• Lean management

Lean management

Smarter, faster and better with Lean
Like any other company that is serious about its continuity, we are constantly looking for ways to work smarter, faster and easier. Thereby a number of external factors form an added incentive: the number of large pipeline projects in the Netherlands is decreasing, international competition, and new contract forms put different demands on the relationship with clients. Therefore, accompanied by Micaela Rydell of Rijnconsult we launched the Lean improvement project in 2012.

Task-oriented control
Micaela Rydell: ‘Two years ago we started looking for ways to work smarter, faster and better. With multidisciplinary working groups and several lean workshops we analysed various everyday problems and found solutions.’ The analysis led to a clear list with improvements. One of the most important ones was the introduction of broader task-based control. ‘In this process, the importance of good preparation and planning will be emphasized even more’, Micaela says. ‘We ensure that prior to implementation and execution it is perfectly clear which deployment of people and resources is necessary to carry out the work on schedule and within budget. The contractor and project manager together play an important role. They take a close look at all the challenges and opportunities in detail. The aim is to give the project a balanced and achievable target.’

Standardizing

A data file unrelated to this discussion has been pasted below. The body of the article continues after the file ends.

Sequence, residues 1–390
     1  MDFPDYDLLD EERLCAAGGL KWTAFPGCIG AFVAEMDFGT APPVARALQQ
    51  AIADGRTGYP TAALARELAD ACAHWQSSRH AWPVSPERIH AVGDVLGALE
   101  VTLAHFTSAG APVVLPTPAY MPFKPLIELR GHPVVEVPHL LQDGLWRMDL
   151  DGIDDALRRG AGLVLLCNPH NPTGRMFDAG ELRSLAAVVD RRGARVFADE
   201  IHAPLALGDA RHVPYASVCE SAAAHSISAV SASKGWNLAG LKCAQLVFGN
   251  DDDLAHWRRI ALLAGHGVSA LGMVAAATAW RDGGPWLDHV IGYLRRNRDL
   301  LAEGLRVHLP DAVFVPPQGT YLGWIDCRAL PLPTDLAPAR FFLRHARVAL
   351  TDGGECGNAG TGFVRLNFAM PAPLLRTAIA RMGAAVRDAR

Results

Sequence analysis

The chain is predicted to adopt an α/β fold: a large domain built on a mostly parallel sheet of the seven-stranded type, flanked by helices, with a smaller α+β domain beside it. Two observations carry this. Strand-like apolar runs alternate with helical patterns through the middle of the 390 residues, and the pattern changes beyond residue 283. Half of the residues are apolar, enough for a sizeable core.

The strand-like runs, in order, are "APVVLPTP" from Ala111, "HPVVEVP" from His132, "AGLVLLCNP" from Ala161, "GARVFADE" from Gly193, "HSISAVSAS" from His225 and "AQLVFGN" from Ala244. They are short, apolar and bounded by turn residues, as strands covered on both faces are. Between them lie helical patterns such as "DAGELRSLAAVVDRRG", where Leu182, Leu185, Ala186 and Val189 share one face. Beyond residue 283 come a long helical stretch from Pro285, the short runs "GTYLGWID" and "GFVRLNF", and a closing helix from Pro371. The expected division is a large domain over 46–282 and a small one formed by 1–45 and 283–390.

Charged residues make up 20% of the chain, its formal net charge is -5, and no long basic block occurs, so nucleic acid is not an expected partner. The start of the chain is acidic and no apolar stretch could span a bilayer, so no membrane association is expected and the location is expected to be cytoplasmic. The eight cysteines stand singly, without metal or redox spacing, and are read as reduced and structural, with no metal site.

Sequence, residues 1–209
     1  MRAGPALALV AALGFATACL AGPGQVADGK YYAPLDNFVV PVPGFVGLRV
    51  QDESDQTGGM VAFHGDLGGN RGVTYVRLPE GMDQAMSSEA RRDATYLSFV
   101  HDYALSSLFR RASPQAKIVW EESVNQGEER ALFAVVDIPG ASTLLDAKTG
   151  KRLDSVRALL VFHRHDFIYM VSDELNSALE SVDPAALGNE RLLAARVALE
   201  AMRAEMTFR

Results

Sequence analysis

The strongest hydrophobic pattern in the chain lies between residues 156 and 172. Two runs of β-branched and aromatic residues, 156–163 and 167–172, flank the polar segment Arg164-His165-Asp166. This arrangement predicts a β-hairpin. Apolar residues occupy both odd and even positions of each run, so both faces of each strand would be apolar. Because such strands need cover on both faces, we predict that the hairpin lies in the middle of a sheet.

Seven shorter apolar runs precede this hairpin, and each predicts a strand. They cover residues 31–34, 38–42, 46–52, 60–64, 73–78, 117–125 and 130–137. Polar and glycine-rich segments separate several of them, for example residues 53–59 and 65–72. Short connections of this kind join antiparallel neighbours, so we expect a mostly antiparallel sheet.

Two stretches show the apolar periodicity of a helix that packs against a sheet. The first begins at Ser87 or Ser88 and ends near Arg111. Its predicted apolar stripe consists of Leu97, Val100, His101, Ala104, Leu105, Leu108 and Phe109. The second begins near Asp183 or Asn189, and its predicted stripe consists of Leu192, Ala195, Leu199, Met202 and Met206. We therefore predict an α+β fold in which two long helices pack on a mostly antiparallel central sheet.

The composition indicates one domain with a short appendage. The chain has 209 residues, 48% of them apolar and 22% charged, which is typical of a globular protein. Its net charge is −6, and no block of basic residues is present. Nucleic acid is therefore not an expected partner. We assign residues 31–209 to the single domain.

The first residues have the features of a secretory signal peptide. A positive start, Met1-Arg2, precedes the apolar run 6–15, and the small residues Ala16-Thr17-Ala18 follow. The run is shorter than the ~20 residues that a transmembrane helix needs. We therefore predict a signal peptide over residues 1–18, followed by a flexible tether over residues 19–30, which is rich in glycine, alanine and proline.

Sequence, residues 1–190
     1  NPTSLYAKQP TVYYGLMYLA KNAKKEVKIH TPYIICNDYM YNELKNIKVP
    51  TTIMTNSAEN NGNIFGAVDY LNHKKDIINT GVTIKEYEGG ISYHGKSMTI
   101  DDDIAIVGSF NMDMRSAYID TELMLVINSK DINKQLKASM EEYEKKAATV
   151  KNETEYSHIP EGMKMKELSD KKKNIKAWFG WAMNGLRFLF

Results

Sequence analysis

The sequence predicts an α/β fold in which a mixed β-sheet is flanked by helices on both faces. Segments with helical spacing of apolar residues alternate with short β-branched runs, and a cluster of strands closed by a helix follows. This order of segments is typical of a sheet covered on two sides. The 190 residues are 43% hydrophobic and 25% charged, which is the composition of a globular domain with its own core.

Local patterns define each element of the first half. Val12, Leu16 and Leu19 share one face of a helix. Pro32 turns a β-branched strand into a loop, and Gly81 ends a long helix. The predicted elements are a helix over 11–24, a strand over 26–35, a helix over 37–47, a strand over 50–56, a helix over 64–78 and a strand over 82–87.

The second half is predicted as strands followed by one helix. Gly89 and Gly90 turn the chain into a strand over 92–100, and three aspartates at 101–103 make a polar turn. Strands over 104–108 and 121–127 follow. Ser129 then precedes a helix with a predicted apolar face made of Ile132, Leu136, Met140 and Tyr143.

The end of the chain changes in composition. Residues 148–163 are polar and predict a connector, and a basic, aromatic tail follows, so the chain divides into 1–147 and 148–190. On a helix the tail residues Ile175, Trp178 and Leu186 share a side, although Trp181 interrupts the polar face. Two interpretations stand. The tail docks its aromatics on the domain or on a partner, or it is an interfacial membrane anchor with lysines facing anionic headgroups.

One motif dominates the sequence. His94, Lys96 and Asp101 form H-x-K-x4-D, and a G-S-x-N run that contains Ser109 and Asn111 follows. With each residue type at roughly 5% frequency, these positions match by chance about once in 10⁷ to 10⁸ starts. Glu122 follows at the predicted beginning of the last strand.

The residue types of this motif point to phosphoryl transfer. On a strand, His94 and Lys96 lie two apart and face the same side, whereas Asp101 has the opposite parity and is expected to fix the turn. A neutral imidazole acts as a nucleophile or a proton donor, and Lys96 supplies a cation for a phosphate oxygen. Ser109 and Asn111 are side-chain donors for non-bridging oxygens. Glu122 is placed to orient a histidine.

Over the last period much time and effort has been put into the standardization of project documentation. Daily reports, schedules and order lists are now all arranged in a fixed pattern. This way it is easier to compare them and this creates a better overview. Each project has a fixed agenda for kick-offs, which creates a better coordination between calculation, work preparation and execution. An important aspect of Lean is the inextricable link between improving structures and attention for posture and behaviour.

Practical tools
Practical tools can also lead to major improvements. ‘Before they begin a new job, all project leaders hang a sign of improvement in the shack’, says Micaela. ‘So, the project team can submit weekly all problems, for which direct actions are formulated and discussed. This helps the team to make better decisions in similar situations in the future. In the specially equipped room at the office in Tricht there is board on which the more general, cross-project improvement actions are monitored. These relatively simple resources contribute significantly to safeguarding the knowledge that we gain with each other in the Lean process.'

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